We realised just how important our role could be. That period was an extraordinary purple patch where we reinvented ourselves as a communications planning agency, putting strategy at the very heart of everything we did for clients. And, while we certainly weren’t the only people in the marketplace talking about the consumer journey, we were very early proponents in terms of using real investments to drive it deep into the heart of the business.
A real moment of clarity came very early on. In 2003, we made an acquisition in the US: a sports-and-entertainment company called The Leverage Group, based in New York. This was a business that did entertainment marketing and sports sponsorship properly and MEC’s stake marked the first time a media agency, rather than a holding company, had made a play for that space. (Amalgamated with various other sponsorship businesses acquired in the network, this ultimately became MEC Access, which we drove out around the world as a global sports-, entertainment- and cause-marketing agency within an agency.)
“It proved to the press, the industry and – crucially – ourselves that this approach toward communications planning wasn’t just words on a page: it had teeth”
How ordinary it now seems for that capability to sit within media; yet, at the time, this was a brave move. It proved to the press, the industry and – crucially – ourselves that this approach toward communications planning wasn’t just words on a page: it had teeth. After that, we started to feel very different. We had put our money where our mouth was. We were an innovator and a true challenger agency with a very real strategic offer, backed up by the scale of GroupM.
Forthwith, we made another acquisition in New York to open, build and create MEC Retail. Through this investment, we accessed capability, research and software which empowered us to manage retail as a media platform. Our combined skills afforded us the potential to define the value of media in the retail space and, for the first time, to compare a dollar spent there with a dollar spent in television.
The offer was always very small, but it defined us differently and we won new business around that time because of it and our belief in raising the bar. It was this winning streak and these initiatives and innovations that attracted a huge amount of attention to MEC. That’s when Ad Age and Ad Week both made us Global Media Agency of the Year for two years running in 2006 and 2007.
Breaking out of the last 10 minutes
The digital revolution has proved that it’s impossible to separate the content from the channel. Indeed, after years of dissent between media and creative, I do think the industry is reintegrating.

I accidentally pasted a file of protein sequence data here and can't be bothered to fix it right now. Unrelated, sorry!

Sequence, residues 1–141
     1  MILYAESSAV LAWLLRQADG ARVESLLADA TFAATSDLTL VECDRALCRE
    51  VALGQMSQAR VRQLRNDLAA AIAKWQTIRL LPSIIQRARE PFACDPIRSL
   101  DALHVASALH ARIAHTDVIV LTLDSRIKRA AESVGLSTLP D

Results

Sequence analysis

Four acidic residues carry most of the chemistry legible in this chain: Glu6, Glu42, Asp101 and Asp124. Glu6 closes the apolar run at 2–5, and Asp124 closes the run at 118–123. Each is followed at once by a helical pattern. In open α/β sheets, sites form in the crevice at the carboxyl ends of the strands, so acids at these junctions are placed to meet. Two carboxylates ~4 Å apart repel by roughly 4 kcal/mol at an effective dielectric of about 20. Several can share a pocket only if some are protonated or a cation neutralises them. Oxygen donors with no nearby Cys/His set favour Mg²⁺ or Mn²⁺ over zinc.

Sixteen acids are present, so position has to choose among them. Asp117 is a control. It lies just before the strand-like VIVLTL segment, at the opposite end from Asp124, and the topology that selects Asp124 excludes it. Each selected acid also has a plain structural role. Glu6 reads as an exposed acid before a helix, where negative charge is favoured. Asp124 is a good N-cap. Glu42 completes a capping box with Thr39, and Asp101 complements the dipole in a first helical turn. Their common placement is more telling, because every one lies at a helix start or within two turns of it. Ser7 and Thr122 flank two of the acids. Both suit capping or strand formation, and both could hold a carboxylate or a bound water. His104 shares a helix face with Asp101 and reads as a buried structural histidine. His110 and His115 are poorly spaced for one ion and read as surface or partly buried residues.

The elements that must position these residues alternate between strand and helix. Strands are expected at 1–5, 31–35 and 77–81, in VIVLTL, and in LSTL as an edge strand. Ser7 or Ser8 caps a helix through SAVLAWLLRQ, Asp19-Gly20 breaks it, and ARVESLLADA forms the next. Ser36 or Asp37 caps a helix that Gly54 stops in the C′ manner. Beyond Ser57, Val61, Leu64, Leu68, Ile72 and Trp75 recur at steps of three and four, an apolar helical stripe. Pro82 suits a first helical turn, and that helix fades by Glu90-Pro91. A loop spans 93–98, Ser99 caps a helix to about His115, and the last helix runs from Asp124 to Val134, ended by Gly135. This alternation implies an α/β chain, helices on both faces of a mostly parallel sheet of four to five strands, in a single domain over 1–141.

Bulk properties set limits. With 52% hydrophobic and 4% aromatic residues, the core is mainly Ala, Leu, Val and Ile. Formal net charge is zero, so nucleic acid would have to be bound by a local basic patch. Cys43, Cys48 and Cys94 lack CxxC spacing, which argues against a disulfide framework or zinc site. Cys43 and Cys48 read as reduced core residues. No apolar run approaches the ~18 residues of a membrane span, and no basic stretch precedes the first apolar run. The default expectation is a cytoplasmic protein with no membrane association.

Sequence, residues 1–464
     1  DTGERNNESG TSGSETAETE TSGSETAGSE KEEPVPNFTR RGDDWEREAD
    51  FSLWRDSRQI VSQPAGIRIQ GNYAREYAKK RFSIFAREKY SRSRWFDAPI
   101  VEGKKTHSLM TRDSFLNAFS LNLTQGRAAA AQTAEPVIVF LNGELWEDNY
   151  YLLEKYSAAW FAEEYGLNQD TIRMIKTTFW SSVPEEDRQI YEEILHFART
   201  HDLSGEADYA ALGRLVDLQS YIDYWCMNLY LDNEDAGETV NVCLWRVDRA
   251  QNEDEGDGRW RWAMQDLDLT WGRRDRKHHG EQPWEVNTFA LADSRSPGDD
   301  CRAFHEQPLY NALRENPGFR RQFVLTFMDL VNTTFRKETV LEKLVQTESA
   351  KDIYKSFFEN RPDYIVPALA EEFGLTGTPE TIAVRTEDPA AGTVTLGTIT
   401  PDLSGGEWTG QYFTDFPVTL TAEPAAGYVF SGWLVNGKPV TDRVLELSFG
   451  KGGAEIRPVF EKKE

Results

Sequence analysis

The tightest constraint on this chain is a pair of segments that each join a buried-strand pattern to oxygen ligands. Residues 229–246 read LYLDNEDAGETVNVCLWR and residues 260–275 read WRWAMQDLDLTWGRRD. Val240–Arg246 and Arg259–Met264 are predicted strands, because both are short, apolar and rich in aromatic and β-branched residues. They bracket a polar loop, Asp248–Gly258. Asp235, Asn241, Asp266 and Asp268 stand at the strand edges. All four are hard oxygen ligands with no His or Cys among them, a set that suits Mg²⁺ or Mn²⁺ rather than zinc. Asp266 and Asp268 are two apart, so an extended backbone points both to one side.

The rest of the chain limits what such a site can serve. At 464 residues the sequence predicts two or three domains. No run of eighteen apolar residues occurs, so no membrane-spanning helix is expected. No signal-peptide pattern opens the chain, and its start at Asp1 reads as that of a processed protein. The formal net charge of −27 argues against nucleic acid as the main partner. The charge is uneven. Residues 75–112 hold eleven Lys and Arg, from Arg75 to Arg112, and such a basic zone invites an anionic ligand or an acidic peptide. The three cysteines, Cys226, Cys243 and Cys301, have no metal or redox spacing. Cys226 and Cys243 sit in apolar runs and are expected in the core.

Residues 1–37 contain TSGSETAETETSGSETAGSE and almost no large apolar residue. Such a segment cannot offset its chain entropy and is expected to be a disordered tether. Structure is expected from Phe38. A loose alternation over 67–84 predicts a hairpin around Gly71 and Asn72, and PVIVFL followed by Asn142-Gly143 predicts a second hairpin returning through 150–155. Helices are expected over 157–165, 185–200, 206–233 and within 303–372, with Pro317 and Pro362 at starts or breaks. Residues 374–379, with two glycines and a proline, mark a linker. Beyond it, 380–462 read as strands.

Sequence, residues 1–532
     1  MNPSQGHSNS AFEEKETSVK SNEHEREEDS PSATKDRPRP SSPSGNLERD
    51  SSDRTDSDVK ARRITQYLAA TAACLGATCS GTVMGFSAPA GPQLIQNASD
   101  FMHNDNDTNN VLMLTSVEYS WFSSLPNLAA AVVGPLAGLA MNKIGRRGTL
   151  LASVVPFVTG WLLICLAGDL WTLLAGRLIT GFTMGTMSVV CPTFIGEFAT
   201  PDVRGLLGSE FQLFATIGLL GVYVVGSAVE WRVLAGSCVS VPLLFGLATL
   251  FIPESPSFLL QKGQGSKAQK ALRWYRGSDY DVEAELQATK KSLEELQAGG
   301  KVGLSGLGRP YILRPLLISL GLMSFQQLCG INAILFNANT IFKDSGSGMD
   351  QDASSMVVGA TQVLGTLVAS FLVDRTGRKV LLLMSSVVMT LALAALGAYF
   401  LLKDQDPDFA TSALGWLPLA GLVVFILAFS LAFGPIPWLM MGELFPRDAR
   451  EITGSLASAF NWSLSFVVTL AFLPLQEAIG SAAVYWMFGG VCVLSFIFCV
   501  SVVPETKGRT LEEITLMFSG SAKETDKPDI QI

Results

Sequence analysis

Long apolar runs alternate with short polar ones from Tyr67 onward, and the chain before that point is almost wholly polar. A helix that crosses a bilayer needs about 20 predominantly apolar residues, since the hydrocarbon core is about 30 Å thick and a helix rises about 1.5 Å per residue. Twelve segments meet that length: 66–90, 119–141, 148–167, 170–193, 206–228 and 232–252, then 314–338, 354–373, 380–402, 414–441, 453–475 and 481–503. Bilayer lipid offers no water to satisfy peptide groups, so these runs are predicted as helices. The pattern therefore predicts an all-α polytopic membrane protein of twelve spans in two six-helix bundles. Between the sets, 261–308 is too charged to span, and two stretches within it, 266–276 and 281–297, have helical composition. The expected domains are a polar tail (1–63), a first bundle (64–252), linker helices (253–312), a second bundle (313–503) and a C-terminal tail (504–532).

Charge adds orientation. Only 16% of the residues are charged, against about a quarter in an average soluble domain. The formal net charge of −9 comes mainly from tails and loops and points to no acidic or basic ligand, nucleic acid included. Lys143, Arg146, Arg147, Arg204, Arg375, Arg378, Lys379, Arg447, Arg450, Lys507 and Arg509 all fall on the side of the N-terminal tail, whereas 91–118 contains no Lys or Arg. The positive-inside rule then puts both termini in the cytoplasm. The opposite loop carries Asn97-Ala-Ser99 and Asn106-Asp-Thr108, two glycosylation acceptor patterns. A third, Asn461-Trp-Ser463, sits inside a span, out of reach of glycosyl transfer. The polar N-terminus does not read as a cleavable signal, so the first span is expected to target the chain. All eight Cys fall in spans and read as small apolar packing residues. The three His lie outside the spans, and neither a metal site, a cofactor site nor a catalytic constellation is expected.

While it’s unlikely to go back to the old full-service offering (mourned by some), we must successfully collaborate in order to offer an integrated product to our clients. What’s needed now is an equal set of specialists around the table to guide the process. We all have to be genuinely client-centric, which means organising ourselves in a way that suits the delivery of our client’s business rather than our own personal silos.
Now, we’re getting to a much better place where the communications plan is built, the role of all media – old and new – is established and the central idea, the engagement and the strategy are developed before we finally decide on the content.
Our process is more respectful and conciliatory: the creative gene within the industry really revolves around ideas and these are recognized as coming from anywhere and anyone, and on new and existing platforms upon which to build superb communication. To me, creativity has always been about the ability to tell a really good story and drive active engagement between a brand and a consumer.
“That’s how the media agency got as powerful as it has: not just through buying power or economies of scale, but through genuine strategic leadership”
This thinking formed the cornerstone of MEC Momentum, our proprietary approach to understanding and qualifying how consumers make purchase decisions, helping brands to find new ways of reaching them.
It gets under the skin of how people make decisions, unpicking their beliefs (preconceived or not) about brands and how these influence behavior. Ultimately, though, MEC Momentum is a paradigm for MEC’s ideology. It broadens the scope of communications, challenges assumptions and changes the behavior not just of consumers but of businesses too. It forces a more complete view of the value communications can provide.
To me, that is incredibly creative, but it’s creative in a game-changing kind of way which pays respect to the enduring importance of strategy. That’s how the media agency got as powerful as it has: not just through buying power or economies of scale, but through genuine strategic leadership.
Most creative campaigns (just like most media plans, by the way) are not game-changing. But with a self-starting culture that encourages curiosity and innovation you’ll get a spark of alchemy like MEC Momentum which has the potential to move the industry forward, challenging assumptions about media and consumers, and creating real business value.
Finding our future
The future of the industry undoubtedly and indisputably lies in people, with the new generation who fuse technology with creativity. We’re still in this revolution where digital and creative skills just incubate throughout the business world. Every time we hire a new person they are indelibly digital, because that’s how they’ve grown up. They don’t see the difference; they don’t see the join.
I believe the traditional polarity – that creative/strategic struggle which has pervaded the industry – to be an affliction that struck at the beginning, in childhood.
When I was at school, we would say to each other: “Well, either you’re the arty one or you’re the logical, practical one, but you’re never both”. Now we have young people who have a combination of those skills and I think that’s dynamite. That’s why my personal mission is to ensure that this rising young talent has a seat right at the top of our company and a voice there that will shape the future of MEC.